But that we will never grasp this has little to do with our feeble comprehension of the nature and composition of the universe. What kneelers never seem to realise is the utterly prosaic nature of their mysteries, that puerile conceptions of god reek of such foul ichor that only in relegation to utter abstraction can any sense of mystery be preserved. Understanding the nature of things more clearly once past this cognitive surrender is not hard. What holds us back from grasping what passes for truth is more a matter of courage and taste. For we have no such courage in us. As our children cower in the mundane darkness of night, so we cower beneath the darkness of truth. When every light has gone out, when the reasons for light are revealed to be empty and the telic pursuit of casting light is revealed to be pointless, we regress, we flee, into any distraction.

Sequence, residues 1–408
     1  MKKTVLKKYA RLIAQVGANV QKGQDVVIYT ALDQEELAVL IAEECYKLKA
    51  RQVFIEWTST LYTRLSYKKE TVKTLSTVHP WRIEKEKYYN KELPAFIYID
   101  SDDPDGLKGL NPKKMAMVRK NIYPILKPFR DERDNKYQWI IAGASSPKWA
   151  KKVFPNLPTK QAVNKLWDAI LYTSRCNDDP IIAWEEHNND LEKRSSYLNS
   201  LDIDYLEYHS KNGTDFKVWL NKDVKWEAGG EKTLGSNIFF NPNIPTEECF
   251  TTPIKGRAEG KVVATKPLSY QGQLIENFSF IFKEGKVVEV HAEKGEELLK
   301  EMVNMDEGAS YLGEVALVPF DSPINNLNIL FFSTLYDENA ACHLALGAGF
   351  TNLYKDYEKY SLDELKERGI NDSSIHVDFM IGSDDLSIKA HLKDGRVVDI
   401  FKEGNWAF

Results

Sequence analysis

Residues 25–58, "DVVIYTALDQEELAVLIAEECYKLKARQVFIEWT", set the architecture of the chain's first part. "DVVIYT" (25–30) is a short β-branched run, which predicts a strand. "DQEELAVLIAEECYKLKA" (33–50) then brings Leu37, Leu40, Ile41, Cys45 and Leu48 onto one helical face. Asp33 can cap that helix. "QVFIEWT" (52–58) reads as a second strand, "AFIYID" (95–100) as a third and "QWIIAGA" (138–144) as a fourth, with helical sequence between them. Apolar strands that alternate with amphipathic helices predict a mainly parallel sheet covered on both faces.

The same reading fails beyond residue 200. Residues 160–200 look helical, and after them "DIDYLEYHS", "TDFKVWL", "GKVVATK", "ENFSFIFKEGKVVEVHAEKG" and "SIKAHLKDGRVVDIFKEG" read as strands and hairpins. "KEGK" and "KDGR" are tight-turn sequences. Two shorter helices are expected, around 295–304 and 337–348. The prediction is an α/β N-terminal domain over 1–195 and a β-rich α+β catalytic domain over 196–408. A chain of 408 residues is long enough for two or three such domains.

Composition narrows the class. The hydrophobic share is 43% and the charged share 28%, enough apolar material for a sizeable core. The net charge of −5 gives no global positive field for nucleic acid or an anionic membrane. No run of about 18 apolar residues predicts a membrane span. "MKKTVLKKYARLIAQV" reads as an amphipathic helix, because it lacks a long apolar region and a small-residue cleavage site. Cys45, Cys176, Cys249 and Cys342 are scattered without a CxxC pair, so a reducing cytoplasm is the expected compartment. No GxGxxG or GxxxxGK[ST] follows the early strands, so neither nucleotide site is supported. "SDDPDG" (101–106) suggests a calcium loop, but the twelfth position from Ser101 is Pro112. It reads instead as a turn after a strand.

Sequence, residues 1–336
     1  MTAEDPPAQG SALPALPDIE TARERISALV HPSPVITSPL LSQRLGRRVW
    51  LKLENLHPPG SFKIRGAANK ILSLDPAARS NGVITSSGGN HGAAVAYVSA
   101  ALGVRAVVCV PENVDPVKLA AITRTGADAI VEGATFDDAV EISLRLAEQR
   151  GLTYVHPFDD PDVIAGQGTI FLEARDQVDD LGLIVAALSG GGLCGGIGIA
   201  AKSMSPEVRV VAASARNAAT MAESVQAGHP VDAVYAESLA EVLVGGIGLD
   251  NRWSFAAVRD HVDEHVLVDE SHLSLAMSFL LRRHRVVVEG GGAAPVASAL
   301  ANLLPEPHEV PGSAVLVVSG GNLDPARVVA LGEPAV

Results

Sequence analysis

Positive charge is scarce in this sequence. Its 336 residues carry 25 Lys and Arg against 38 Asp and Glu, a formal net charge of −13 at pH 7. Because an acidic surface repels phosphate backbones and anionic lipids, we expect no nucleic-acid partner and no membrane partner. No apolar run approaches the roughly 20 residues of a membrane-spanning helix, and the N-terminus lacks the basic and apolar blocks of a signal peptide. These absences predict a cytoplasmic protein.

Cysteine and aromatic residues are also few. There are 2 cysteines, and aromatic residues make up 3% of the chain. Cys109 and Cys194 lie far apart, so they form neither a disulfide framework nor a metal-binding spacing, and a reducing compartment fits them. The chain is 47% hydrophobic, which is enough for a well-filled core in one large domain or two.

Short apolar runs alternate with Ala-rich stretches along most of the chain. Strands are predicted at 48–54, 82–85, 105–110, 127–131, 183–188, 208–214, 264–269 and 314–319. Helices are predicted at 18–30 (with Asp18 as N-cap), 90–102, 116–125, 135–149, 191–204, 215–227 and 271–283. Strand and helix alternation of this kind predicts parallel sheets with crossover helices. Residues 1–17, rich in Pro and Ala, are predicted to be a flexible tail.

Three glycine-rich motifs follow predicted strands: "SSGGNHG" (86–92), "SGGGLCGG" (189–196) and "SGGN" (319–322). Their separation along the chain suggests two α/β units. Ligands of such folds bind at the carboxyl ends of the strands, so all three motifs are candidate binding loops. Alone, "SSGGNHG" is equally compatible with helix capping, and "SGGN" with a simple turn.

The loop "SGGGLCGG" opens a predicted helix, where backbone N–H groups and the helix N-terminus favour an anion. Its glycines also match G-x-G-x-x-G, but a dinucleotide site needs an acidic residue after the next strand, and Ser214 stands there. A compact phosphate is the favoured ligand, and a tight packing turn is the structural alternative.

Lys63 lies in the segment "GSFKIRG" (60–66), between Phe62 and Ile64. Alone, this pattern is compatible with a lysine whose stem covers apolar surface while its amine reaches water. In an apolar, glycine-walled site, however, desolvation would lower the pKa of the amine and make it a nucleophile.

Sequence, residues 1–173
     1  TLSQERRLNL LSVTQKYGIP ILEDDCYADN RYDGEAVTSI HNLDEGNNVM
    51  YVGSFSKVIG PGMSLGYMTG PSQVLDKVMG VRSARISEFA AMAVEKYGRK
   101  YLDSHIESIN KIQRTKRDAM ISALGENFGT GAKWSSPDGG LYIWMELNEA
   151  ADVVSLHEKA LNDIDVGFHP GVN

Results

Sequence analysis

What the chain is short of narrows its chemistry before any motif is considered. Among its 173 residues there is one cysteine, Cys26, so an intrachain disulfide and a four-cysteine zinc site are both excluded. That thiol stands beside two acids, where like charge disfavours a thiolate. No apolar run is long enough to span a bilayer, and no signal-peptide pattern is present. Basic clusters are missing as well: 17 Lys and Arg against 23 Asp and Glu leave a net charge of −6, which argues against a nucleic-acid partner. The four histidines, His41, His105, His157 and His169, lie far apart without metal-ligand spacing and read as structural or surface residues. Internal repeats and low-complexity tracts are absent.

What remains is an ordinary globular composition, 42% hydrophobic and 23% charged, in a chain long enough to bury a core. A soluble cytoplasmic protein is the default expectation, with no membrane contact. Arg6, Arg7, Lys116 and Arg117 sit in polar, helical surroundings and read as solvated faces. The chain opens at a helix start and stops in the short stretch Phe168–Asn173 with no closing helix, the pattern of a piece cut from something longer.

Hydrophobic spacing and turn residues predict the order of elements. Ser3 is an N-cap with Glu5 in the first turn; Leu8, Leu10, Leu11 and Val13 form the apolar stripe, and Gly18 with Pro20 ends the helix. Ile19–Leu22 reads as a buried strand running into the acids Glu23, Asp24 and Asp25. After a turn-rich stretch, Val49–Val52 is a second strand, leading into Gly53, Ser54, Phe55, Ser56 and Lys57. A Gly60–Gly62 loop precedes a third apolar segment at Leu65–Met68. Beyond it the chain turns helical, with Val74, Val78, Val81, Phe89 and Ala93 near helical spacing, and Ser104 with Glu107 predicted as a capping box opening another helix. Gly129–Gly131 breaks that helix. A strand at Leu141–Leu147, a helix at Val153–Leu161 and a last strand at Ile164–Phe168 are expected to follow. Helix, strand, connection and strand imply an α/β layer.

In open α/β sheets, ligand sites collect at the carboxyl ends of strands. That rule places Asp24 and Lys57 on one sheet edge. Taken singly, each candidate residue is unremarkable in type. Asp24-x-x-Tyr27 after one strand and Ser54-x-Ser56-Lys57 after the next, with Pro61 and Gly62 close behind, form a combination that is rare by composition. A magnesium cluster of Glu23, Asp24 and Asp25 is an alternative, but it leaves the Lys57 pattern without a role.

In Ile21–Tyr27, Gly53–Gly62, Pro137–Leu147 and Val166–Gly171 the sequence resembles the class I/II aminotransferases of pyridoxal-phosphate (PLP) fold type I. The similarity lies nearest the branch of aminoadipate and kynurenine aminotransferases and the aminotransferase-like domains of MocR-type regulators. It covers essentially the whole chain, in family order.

We lack the taste for meaninglessness. It does not suit our palate (inevitably we choose the blood of loved ones on our tongues first), and we do not have the style. We stand hunched and bedraggled before the nature of things, weighed down by the total absence of substance. When nothing we carry has substance it is impossible to bear. And when any direction is as suitable as another, we go nowhere at all.

I understand this better than you. And this means not at all.

I Hate You

It remains to be seen whether any sort of series will come out of a desire to focus upon uses of single words and how far astray (or worse, how far from taking one step off the path of convention) people can go with them. But, if not, then the word receiving treatment here will be ‘contempt’ and either way that will be fitting.

Briefly returning to the general case of word usage, it is clear that, and why, this word is so universally taken as a negative and why, in the context in which I have most enjoyed it, the works of a certain philosopher, it is so often misunderstood. Understandable, given that in those works a perverse level of desire to upset and obfuscate is present, unusual for philosophy, but perhaps not entirely forgivable. As this is the preserve of philosophers, to step off paths of convention, at least in thought, and staid, rooted, inflexible understanding of language is a poor companion in reading them.